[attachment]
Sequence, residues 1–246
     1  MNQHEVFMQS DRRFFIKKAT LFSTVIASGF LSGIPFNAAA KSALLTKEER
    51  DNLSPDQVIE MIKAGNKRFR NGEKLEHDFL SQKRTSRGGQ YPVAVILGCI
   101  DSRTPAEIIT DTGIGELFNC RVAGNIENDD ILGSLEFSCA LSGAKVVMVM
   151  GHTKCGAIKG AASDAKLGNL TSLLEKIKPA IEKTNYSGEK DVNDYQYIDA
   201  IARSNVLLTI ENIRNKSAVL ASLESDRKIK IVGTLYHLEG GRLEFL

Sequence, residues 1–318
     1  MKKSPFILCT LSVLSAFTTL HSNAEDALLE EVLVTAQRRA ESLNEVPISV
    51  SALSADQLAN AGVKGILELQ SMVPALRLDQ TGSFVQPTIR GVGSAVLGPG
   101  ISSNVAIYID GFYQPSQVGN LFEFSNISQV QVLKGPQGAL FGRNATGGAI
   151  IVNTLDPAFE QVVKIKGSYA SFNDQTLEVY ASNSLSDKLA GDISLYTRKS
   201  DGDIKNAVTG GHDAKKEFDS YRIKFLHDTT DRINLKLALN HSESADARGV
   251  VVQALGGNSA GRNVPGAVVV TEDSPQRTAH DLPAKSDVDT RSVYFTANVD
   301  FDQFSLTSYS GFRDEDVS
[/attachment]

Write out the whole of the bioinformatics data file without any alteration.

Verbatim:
Sequence, residues 1–246
     1  MNQHEVFMQS DRRFFIKKAT LFSTVIASGF LSGIPFNAAA KSALLTKEER
    51  DNLSPDQVIE MIKAGNKRFR NGEKLEHDFL SQKRTSRGGQ YPVAVILGCI
   101  DSRTPAEIIT DTGIGELFNC RVAGNIENDD ILGSLEFSCA LSGAKVVMVM
   151  GHTKCGAIKG AASDAKLGNL TSLLEKIKPA IEKTNYSGEK DVNDYQYIDA
   201  IARSNVLLTI ENIRNKSAVL ASLESDRKIK IVGTLYHLEG GRLEFL

Sequence, residues 1–318
     1  MKKSPFILCT LSVLSAFTTL HSNAEDALLE EVLVTAQRRA ESLNEVPISV
    51  SALSADQLAN AGVKGILELQ SMVPALRLDQ TGSFVQPTIR GVGSAVLGPG
   101  ISSNVAIYID GFYQPSQVGN LFEFSNISQV QVLKGPQGAL FGRNATGGAI
   151  IVNTLDPAFE QVVKIKGSYA SFNDQTLEVY ASNSLSDKLA GDISLYTRKS
   201  DGDIKNAVTG GHDAKKEFDS YRIKFLHDTT DRINLKLALN HSESADARGV
   251  VVQALGGNSA GRNVPGAVVV TEDSPQRTAH DLPAKSDVDT RSVYFTANVD
   301  FDQFSLTSYS GFRDEDVS